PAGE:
“There will be a time and a place to deal with the consequences and the repercussions of Russia’s actions,” a White House spokesman, Gordon D. Johndroe, said on Friday, declining to rule in or out a punitive move against Russia’s seat in the G-8.

In fact, the alienation between the United States and Russia has rarely, if ever, been deeper.

The war in Iraq troubled the Russians as an example of unchecked American unilateralism. But the Bush administration’s relentless pursuit of missile defenses in Europe, the expansion of NATO to Russia’s borders and the support of Kosovo’s independence from Serbia have simply infuriated them.

Russia has used its oil and natural gas to fill its coffers and rebuild its military after the disarray of the 1990’s.

While the United States and Russia are not likely to return to hair-trigger military confrontation, Russia has resumed flexing its military might with long-range bomber and surveillance flights testing American and NATO airspace.

The question of NATO membership for Georgia and Ukraine — which the alliance in April pledged would one day happen, while declining to start the process — appears to have hardened Mr. Putin’s resolve over Georgia’s separatist regions.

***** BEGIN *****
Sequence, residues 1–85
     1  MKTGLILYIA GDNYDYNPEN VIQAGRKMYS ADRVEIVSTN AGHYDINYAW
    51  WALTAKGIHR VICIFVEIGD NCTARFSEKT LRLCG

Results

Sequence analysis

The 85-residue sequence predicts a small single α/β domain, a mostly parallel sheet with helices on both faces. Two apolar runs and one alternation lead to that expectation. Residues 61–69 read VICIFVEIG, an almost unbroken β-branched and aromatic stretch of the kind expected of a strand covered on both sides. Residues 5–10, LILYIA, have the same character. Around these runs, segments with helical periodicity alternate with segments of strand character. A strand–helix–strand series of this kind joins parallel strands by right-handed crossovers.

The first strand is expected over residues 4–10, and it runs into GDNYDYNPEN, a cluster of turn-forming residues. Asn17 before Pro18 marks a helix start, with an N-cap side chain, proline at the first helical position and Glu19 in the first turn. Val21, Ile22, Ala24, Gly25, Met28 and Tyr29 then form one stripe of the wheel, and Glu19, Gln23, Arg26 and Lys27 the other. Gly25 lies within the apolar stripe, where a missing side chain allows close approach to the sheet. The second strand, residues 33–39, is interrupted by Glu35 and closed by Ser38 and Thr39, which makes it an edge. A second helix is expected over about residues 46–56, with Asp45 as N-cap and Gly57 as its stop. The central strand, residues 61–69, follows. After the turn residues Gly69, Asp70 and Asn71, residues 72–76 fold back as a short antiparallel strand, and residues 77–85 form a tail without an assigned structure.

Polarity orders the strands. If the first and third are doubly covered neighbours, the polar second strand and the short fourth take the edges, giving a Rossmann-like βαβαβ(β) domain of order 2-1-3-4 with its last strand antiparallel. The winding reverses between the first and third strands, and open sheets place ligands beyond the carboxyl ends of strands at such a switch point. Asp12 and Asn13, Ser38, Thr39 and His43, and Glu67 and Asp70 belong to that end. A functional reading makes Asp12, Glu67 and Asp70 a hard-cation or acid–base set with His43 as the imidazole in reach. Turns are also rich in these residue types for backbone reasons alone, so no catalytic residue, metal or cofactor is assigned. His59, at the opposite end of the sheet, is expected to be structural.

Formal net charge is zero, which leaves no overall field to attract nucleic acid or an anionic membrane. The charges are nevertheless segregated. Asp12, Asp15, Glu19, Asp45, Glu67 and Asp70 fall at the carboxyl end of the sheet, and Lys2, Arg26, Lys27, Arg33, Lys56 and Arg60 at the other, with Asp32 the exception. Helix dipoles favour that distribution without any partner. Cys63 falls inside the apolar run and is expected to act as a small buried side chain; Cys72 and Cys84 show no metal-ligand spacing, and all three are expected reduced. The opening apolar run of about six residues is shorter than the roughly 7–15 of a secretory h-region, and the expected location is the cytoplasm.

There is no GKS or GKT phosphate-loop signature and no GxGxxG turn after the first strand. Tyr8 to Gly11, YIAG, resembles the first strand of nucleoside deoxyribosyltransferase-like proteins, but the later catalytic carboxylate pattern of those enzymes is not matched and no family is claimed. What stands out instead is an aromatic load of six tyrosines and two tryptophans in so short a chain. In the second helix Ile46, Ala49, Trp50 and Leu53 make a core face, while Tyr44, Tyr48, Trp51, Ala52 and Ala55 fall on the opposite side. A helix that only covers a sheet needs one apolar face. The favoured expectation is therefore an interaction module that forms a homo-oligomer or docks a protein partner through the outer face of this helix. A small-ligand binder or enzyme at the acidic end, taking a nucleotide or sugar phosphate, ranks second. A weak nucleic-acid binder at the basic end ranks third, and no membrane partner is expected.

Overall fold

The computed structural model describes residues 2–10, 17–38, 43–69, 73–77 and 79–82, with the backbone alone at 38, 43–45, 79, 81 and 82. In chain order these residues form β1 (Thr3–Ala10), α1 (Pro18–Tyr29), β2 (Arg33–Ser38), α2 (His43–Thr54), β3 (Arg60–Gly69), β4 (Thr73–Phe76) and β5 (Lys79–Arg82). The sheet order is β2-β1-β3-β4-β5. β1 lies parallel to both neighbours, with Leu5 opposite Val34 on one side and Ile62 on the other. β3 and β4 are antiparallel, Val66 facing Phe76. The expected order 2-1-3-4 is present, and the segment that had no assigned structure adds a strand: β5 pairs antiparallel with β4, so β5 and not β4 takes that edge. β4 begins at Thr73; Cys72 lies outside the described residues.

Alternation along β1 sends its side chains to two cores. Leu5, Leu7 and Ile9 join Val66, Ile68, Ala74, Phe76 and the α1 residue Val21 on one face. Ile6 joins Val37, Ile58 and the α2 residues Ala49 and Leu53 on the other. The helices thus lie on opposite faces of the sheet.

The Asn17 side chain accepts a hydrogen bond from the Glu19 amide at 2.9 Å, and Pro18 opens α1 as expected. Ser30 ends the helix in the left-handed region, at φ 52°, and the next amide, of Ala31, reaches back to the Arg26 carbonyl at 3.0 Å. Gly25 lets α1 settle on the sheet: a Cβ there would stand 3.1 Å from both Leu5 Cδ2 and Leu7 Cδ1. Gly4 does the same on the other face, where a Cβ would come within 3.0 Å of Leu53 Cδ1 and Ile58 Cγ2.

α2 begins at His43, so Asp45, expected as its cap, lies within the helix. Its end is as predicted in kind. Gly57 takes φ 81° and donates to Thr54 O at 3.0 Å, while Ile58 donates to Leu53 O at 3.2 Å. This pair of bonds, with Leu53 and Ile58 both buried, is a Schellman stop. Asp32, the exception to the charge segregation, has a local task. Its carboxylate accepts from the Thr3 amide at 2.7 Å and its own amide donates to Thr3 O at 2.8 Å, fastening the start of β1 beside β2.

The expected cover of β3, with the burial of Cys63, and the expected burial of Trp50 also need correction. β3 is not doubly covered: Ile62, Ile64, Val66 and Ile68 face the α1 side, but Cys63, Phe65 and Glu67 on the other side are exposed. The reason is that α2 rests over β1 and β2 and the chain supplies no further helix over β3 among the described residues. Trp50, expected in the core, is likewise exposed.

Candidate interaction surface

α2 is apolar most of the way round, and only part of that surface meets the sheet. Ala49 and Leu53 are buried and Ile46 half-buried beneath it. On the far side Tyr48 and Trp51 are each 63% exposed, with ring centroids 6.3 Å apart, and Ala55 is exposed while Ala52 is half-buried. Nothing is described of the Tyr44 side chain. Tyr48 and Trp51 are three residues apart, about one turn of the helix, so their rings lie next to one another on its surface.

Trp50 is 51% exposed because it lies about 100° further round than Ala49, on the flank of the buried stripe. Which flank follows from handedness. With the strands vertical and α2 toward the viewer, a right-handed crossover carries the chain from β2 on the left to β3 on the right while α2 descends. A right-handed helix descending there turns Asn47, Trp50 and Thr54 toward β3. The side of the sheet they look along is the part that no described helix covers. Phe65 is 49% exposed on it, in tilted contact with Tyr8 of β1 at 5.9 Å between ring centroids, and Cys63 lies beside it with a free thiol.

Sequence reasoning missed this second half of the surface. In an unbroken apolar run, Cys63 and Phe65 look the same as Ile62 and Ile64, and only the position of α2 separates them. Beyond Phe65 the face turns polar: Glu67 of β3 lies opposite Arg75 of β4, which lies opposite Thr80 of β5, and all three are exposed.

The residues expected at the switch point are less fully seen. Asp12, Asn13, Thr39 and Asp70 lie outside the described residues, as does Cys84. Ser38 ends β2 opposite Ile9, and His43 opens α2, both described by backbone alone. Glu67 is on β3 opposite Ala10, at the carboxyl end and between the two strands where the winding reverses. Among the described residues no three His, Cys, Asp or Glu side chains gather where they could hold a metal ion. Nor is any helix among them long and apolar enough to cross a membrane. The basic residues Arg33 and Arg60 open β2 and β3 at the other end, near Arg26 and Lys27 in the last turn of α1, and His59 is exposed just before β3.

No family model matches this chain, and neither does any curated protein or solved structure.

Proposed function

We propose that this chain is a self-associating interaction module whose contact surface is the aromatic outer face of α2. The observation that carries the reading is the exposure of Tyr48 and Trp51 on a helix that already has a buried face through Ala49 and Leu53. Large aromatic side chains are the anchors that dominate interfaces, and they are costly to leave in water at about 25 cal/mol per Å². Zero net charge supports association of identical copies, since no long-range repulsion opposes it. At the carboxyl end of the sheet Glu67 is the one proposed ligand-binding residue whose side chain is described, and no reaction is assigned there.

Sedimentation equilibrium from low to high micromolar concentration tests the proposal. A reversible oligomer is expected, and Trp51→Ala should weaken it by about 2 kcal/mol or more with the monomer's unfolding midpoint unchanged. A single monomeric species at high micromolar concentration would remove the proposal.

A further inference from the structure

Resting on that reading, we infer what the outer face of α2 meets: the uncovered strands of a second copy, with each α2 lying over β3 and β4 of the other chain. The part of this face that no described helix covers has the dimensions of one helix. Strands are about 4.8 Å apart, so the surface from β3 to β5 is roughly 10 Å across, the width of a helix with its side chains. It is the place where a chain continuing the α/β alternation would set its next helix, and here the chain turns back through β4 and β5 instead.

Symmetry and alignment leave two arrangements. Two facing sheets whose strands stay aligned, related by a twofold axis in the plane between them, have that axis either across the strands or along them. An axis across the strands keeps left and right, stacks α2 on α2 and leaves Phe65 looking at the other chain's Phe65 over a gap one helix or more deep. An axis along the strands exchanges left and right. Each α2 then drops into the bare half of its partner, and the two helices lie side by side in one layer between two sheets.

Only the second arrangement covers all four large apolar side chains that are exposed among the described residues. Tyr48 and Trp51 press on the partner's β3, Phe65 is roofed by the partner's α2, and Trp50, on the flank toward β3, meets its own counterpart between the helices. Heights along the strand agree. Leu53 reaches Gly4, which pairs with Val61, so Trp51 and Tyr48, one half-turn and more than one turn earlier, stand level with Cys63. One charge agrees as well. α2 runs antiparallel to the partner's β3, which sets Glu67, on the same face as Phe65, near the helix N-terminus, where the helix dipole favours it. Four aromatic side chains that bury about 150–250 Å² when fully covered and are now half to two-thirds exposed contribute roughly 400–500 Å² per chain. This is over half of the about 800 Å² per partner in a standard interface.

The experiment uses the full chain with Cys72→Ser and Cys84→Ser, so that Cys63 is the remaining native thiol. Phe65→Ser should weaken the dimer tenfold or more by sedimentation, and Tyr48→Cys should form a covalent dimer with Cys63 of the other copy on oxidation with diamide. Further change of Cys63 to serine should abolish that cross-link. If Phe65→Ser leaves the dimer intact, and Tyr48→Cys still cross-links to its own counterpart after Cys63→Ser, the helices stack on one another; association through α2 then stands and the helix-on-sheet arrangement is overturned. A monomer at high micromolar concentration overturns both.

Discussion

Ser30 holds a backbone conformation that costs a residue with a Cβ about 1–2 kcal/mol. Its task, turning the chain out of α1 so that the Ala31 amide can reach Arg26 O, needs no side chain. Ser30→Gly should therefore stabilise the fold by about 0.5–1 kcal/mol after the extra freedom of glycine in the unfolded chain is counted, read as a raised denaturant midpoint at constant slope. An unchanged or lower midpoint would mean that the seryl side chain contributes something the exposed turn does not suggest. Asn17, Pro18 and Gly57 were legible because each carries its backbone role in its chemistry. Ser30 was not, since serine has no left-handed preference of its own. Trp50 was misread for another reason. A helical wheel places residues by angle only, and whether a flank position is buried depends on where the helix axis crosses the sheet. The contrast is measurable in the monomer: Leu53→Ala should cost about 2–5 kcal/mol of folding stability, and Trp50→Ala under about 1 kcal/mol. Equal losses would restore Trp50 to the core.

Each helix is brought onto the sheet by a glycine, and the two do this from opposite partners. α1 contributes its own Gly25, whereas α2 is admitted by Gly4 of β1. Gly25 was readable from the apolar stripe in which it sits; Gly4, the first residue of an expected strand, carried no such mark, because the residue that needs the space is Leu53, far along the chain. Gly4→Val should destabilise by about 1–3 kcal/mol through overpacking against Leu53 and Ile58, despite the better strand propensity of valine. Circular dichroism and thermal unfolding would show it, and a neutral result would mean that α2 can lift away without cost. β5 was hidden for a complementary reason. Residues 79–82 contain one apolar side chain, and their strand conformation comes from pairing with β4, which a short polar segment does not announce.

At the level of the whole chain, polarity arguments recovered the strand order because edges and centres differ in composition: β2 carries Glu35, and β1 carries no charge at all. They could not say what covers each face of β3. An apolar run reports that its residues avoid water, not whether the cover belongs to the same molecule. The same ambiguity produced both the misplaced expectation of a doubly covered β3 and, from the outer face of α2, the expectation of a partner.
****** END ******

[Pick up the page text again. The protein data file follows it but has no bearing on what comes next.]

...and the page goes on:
No matter how much the Americans argue that NATO is now focused on other threats, for Russia, it remains an enemy force. And no matter how often the Americans say missile defense is aimed at Iran and other so-called rogue nations, it remains an existential threat to Russia’s aging and shrinking nuclear capacity. Both are part of what Russia views as remnants of American cold war policy.

The same is true of Kosovo’s independence from Serbia, a close Russian ally. Russian officials now cite Kosovo as precedent for the independence or annexation of Abkhazia and South Ossetia.

“It’s clear the policies we have pursued regarding missile defense and installations in Europe, regarding further expansion of NATO have created difficulties with Russia,” said James F. Collins, the last American ambassador to the Soviet Union and now a director at the Carnegie Endowment for International Peace. “It takes two to tango.”

On the matter of Georgia, though, Mr. Bush has put an end to the dance. He made it clear that his push for democracy trumps his relationship with Mr. Putin and Russia as a whole, describing the matter as a stark choice of a new era.

“Only Russia can decide whether it will now put itself back on the path of responsible nations,” he said, “or continue to purse a policy that promises only confrontation and isolation.”